OPPENHEIMER is Christopher Nolan at His Most Haunted Best

The piece below was written during the 2023 WGA and SAG-AFTRA strikes. Without the labor of the writers and actors currently on strike, the art being covered in this piece wouldn't exist.

Pictures Courtesy of Universal Pictures

How do you make a film where the result is ultimately known before the audience even steps into the theater? This was classically the dilemma for many directors and writers who attempt to tackle world events, especially historically mammoth ones that the end result is a foregone conclusion. James Cameron tackling the Titanic sinking comes to mind. Of course Cameron’s approach was to wrap a fictional narrative around the historical event, giving you a manufactured viewpoint through which to see the inevitable horror as it looms large.

In his latest, and best, film, Christopher Nolan tackles a somehow even larger historical event: the creation of the atomic bomb, under the leadership of enigmatic theoretical physicist J. Robert Oppenheimer. From the first frame, you know where this story heads, and the heavy shadow it casts over the history of warfare ever since. Or at least you think you know how the story goes.

But Nolan’s magic trick, as is often the case, is not in the story he is telling, but more precisely how he chooses to tell it. Yes, the audience is never curious if Cillian Murphy as Oppenheimer and the other fast-talking physicists behind the Manhattan Project will succeed in their task. Of course they will. But by bending time over on itself, not dissimilar to how he did in Memento, Nolan masterfully reframes the life of Oppenheimer, presenting his life previous to the bomb, and his tortured, guilt-laden life afterwards. By injecting his puzzle-box logic, best demonstrated by films like Memento and The Prestige, Nolan is able to get past the pure facts of Oppenheimer’s life to avoid the danger of creating a dry, if compelling, portrait of an individual, playing less like book report or documentary but as a psychological study of what it must feel like to doom humanity to an endless nuclear nightmare.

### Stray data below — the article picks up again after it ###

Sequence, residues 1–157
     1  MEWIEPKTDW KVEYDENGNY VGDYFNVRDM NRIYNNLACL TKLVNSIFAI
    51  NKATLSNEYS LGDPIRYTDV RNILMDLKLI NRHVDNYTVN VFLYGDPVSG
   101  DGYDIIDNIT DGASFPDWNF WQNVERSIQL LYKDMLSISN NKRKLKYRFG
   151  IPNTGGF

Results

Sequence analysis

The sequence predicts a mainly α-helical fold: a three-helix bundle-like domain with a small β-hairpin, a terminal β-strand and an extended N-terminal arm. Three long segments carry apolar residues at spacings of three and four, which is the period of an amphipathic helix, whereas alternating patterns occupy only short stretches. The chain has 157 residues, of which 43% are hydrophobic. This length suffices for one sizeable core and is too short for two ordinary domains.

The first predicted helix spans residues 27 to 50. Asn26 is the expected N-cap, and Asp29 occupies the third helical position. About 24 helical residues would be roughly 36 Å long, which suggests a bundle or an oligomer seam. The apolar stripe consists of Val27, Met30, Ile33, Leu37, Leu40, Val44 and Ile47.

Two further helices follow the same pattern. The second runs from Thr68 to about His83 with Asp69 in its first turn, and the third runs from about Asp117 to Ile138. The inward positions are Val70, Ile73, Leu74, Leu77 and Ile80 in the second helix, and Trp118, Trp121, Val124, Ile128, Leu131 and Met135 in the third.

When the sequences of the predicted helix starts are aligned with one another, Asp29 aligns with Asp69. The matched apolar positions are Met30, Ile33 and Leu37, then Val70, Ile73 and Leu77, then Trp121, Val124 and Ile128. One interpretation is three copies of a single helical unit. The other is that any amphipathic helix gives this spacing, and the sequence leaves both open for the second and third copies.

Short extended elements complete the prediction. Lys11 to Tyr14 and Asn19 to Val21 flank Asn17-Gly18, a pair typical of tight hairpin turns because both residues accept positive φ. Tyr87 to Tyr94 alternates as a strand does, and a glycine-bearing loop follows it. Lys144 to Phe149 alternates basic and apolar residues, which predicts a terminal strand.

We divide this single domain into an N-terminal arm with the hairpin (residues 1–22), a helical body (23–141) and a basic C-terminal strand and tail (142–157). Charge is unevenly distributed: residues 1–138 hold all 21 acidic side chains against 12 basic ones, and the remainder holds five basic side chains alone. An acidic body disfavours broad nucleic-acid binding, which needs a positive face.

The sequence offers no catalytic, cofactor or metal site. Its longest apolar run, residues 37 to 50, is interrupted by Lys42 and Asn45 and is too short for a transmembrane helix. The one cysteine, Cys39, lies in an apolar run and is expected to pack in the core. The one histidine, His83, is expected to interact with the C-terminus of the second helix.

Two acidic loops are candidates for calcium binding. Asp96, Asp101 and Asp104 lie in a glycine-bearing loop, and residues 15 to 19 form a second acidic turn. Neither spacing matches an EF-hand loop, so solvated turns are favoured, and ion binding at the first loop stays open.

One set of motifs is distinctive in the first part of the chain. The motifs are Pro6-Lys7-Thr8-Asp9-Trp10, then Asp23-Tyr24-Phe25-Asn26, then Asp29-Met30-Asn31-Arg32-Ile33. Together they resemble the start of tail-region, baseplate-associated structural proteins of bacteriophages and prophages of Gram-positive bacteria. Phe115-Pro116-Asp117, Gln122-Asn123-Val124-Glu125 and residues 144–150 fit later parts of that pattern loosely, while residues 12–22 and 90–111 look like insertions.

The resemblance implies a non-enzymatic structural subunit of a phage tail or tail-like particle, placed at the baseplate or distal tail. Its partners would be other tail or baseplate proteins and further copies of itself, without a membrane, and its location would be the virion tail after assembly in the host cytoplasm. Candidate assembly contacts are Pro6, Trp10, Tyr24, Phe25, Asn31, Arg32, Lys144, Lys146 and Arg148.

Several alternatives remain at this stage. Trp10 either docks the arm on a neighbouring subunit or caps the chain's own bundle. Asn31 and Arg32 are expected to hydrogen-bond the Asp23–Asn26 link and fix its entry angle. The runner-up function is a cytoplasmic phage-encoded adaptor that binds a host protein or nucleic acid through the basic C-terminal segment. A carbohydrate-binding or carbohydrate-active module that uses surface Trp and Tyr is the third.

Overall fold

Which is not to suggest that Nolan’s portrait of “Oppie” is especially flattering. He is regularly displayed as an absent father, philanderer, conceited and difficult to get along with. He sympathizes with leftist politics, but also pragmatically is never a joiner, seeing any ideology as too incomplete to earn his full support. Time and again it is highlighted how Oppenheimer is more interested in theory than reality, conceiving the atomic bomb as a necessary evil to beat the Nazis to it, but also unable to accept his own culpability in creating a weapon of war. It’s not a bomb, after all; it’s a gadget.

The other pole of the film is Lewis Strauss, a connected businessman, Navy admiral and advocate for increased nuclear weaponry, played in a career-highlight performance by Robert Downey Jr. Strauss’ part of the story is told throughout, in black-and-white segments where he is facing a confirmation hearing to be placed on Eisenhower’s cabinet. But previous encounters with a post-bomb Oppenheimer, increasingly a critic of further nuclear proliferation, threaten to rattle his confirmation. And there is another mysterious interview that an elder Oppenheimer is subjected to, the full reality of which is not revealed until the film’s final act, but also is a matter of known historical record. This is one of those cases where the less you know of Oppenheimer’s life, the more the film’s unfolding of the narrative will grab you.